And as the spring daylight faded behind the bedroom curtains, the hour would finally come for the first hesitantly crackly sounds to arrive across a cooling atmosphere.
With a single earphone invisibly in place, and my tiny transistor hidden deep beneath the covers, I could be happily in bed at bedtime and yet secretly lie wide awake through an entire chart show still to come.
Nightfall was moving slowly northwestwards across another summer evening. And Planet Earth’s biggest commercial radio station was playing with 1.3 million watts of power, bringing rock music to my ear from half a continent away.
I didn’t know then that Radio Luxembourg had been broadcasting across Europe since the 1920s.
Fifty years on, Luxy was a pioneer of international commercial radio. The most powerful transmitter in the world pumped music every night from the heart of Europe into millions of teenagers’ bedrooms across the Channel.
Broadcasting on 208 metres medium wave, English language programming didn’t start until 7 pm European time (8 pm in the UK) because the radio waves could only reach their audience in the stiller atmosphere after dark.
Play: Top of the hour on Radio Luxembourg
Luxy claimed to be Britain’s only national commercial radio station, with devoted listeners from Kent to Caithness, yet living in the Midlands at a hundred and fifty miles from the coast and almost four hundred miles distant from Luxembourg, the signal suffered from atmospheric interference and would often fade in and out for seconds and sometimes minutes at a time.
And yet, still we listened to Luxembourg, as British youth had already done for many years before.
There had been no dedicated pop music stations within the UK until a series of pirate commercial radio ships began broadcasting throughout the day from offshore waters in the early sixties.
Remarkably they fell respectfully silent in the evening and early morning hours, leaving the airwaves and commercial revenues clear for 208.
Play: Radio Luxembourg — The rhythm of nightlife in Great Britain
The wide popularity of the pirate radio stations hastened the government’s determination to shut them down, but soon after the closure of Radio Caroline came the launch in 1967 of BBC Radio 1, which blasted a non-stop volley of pop across the country all day long. Throughout the time when I was at school.
But for some unfathomable reason, Radio 1’s evening schedule always featured much more esoteric music, most of which I had never heard of. For a young teenager following the mainstream charts, it was time for Radio Luxembourg. They had all the best DJs, anyway, and better chart shows, too.
Only on Sunday night would my sister and I revert to Radio 1 for the “official” UK chart. With my first primitive cassette recorder at the ready, we waited patiently to press ‘record’ as the chart counted down towards the songs we liked to hear.
The microphone was set up optimistically on the living room floor to reel our favourite song onto a new C-60. But those recordings were always hopeless, limited by the technology and inevitably interrupted by domestic life.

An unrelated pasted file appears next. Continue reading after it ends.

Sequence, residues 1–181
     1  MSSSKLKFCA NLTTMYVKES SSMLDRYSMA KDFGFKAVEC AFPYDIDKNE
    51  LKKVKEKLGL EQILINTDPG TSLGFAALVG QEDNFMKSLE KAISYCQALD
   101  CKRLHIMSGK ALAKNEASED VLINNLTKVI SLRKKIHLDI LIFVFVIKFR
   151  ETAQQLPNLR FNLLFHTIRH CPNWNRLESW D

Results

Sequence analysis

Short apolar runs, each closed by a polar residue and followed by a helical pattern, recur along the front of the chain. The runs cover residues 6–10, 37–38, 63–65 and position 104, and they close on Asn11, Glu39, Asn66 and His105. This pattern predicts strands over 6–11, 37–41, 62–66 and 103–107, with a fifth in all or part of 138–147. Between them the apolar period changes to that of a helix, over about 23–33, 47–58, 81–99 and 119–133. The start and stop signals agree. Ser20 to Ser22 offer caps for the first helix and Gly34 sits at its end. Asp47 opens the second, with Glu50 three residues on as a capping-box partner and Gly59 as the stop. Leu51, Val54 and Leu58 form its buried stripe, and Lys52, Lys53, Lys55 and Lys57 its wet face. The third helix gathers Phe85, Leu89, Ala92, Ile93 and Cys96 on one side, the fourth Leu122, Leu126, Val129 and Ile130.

And then the dog would likely bark as well — which made for interesting playback later on.
Listening to Radio Luxembourg fulfilled different dreams entirely. With static and commercials to contend with, there was no hope of a good recording (and remember, I was supposed to be asleep, anyway).
But the station’s playlist was tight enough that we still heard all our favourite records through as many illicit listening hours as we could stay awake to hear.
The station stayed with me as I grew. As soon as I could drive, Luxy found its way onto the radio in the car. Often I’d listen late at night as I drove back from parties or a girlfriend’s house.
But I must have listened to Radio Luxembourg whilst studying late at night as well, since I can still remember all the jingles even now.
Play: Radio Luxembourg — Station of the Eighties
The Station of the Eighties seemed unassailable then, but the revolution in music radio that Luxy had spun would soon play its final tracks towards a close.
Advertising revenues fell steadily as competition from television and local radio grew and by the time I returned from a few years abroad in the early nineties, 208’s fuzzy signal had shuffled off the atmosphere for good.
Exciting new FM commercial broadcasters such as London’s Capital Radio and a new AM station offshore Ireland, Atlantic 252, proved fatal competition.
A doomed foray into satellite broadcasting followed for Luxy, but eventually failed to find a new niche beyond the dial.
And these days the radio legend is back. A new Radio Luxembourg is broadcasting online with a classic rock playlist, for anyone nostalgic enough to try an early bedtime.
Almost anyone who was ever anyone in radio learned their trade with Luxy — Tony Blackburn, ‘Kid’ Jensen and Alan Freeman… And Chris Moyles and Neil Fox are still on air today.
In that way, the legacy of Radio Luxembourg still lives on across the airwaves, and not only through the memories of another era in music. Luxy defined everything about the way that music and the charts are presented, and provided so many of the voices that still present them, too.
And now I’ll leave Luxy legend Bob Stewart to sign off from the heart of Europe, in his own inimitable and transatlantically continental style:
We sincerely hope you’ve enjoyed the music you’ve heard…
… And a good night and good morning, wherever you may be.
Play: Radio Luxembourg — Nightly shutdown by Bob Stewart
Radio Luxembourg links:
The Story of Radio Luxembourg
The unofficial 208 picture gallery
The world’s most famous radio station
Radio Luxembourg jingles of the 1980s
Radio Luxembourg online today
Radio Luxembourg – Your Station of the Stars